Texmaker is considered to be one of the best LaTeX editors for the GNOME desktop environment. It presents a great user interface which results in a good user experience. It’s also considered to be one of the most useful LaTeX editors out there. If you perform PDF conversion often, you’ll find Texmaker to be faster relative to other LaTeX editors. You can take a look at a preview of what the final document will look like while you write. Also, you’ll observe that symbols are easy to reach when needed.

Texmaker also offers extensive support for hotkey configuration. Why not give it a try?

3. TeXstudio

If you want a LaTeX editor that offers you a decent level of customizability along with an easy-to-use interface, then TeXstudio would be the perfect one to have installed. The UI is very simple but not clumsy. TeXstudio lets you highlight syntax, comes with an integrated viewer, lets you check references and also bundles some other assistance tools.

It also supports some cool features like auto-completion, link overlay, bookmarks, multi-cursors, and so on – which makes writing a LaTeX document easier than ever before.

TeXstudio is actively maintained, which makes it a compelling choice for both novice users and advanced writers.

4. Gummi

Gummi is a very simple LaTeX editor based on the GTK+ toolkit. Well, you may not find a lot of fancy options here – but if you’re just starting out, Gummi would be our recommendation. It supports exporting documents to PDF format, lets you highlight syntax, and helps you with some basic error-checking functionalities. Though Gummi isn’t actively maintained via GitHub, it works just fine.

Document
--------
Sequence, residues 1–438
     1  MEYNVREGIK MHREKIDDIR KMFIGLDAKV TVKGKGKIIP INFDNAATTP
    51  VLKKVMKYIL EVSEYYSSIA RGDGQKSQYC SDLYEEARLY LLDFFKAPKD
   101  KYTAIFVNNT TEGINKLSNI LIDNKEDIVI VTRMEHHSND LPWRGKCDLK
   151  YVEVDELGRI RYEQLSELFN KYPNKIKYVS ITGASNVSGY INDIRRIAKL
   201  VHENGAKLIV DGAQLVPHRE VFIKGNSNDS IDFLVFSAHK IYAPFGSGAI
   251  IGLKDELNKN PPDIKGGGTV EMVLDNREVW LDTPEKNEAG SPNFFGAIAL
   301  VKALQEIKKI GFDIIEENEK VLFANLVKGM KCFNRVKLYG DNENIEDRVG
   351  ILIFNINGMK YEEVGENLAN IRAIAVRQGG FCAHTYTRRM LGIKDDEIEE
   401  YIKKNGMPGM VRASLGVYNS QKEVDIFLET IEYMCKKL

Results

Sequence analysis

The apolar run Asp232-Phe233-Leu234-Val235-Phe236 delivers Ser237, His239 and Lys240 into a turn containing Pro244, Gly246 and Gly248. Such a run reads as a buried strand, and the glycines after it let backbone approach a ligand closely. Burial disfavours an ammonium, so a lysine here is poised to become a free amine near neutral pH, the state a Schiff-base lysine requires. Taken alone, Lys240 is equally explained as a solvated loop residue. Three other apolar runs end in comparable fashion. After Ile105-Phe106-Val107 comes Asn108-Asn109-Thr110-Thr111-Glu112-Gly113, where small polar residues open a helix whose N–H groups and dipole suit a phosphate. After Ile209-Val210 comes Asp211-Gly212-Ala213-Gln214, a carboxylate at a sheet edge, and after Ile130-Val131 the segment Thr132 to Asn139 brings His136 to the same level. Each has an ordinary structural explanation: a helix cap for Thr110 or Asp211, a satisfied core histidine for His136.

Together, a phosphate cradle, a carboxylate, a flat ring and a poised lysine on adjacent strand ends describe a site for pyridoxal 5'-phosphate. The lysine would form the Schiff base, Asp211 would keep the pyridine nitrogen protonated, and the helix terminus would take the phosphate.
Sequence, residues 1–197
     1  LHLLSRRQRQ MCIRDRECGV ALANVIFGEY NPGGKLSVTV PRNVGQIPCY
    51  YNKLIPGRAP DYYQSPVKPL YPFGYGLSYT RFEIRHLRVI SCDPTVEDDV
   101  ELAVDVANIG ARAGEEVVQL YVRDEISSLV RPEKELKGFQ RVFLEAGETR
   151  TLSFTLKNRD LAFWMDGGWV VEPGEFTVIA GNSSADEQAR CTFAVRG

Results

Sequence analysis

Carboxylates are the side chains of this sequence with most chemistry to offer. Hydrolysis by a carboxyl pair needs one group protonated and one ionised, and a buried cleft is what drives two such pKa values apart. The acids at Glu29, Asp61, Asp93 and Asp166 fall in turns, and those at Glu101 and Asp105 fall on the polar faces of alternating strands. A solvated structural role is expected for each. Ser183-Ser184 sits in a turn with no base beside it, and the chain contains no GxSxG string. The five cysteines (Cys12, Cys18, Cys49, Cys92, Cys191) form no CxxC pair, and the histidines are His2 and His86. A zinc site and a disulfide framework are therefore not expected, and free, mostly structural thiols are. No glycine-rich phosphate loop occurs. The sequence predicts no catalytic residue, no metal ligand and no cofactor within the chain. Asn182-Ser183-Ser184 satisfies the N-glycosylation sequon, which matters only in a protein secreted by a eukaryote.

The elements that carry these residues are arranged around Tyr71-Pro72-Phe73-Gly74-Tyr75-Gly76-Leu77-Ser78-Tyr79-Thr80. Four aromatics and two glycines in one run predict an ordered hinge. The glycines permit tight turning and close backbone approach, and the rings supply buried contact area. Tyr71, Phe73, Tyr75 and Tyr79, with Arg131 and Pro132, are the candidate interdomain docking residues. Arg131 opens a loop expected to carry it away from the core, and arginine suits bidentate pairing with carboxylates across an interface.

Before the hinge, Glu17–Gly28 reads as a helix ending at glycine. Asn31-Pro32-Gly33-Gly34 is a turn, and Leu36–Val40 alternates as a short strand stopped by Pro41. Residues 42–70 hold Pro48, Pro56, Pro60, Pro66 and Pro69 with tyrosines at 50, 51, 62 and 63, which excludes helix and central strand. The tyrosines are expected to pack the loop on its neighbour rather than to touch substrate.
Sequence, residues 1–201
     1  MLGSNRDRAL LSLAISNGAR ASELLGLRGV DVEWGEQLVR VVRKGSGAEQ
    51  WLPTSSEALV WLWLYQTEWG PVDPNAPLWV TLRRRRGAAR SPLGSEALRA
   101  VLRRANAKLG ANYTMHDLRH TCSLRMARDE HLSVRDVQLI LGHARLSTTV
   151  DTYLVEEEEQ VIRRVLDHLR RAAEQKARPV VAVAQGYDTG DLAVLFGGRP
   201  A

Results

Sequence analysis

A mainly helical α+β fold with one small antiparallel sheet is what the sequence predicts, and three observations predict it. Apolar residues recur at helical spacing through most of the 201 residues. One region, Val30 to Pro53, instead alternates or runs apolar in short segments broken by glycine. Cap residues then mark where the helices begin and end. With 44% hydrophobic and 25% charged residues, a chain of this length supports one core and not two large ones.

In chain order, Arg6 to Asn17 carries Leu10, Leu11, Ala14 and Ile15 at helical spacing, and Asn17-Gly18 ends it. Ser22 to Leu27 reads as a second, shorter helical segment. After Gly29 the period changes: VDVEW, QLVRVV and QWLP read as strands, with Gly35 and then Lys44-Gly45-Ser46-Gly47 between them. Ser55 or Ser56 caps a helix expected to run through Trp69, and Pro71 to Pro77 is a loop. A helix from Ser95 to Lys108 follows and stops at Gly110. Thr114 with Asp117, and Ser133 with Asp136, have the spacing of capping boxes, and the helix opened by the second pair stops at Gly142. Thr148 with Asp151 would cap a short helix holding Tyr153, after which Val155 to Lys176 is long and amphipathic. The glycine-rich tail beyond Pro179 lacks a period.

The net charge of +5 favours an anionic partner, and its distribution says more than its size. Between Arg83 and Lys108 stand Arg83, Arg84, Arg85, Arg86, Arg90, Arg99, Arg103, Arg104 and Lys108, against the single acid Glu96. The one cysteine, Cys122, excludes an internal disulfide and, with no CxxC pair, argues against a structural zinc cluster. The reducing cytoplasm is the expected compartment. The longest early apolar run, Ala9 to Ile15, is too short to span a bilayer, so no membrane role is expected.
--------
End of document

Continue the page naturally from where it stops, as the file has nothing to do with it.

5. TeXpen

TeXpen is yet another simplified tool you can go with. You get an auto-completion functionality with this LaTeX editor. However, you may not find the user interface impressive. If you don’t mind the UI, but want a super easy LaTeX editor, TeXpen could fulfill that wish for you. Also, TeXpen lets you correct/improve the English grammar and expressions used in your documents.

6. Overleaf (ShareLaTeX + Overleaf)

Overleaf is an online LaTeX editor. Originally, we had two separate LaTeX editors (ShareLaTeX and Overleaf) in this post. However, they’ve both joined forces to launch Overleaf v2 (thanks to one of our readers, Saadiq Shaik, for notifying us about this change).

You get all the basic features you’d expect in a LaTeX editor. In addition to that, you can access it offline or choose to sync files via Dropbox and GitHub. It also lets you collaborate in real-time. You also have the ability to check document history to see what’s been removed and added.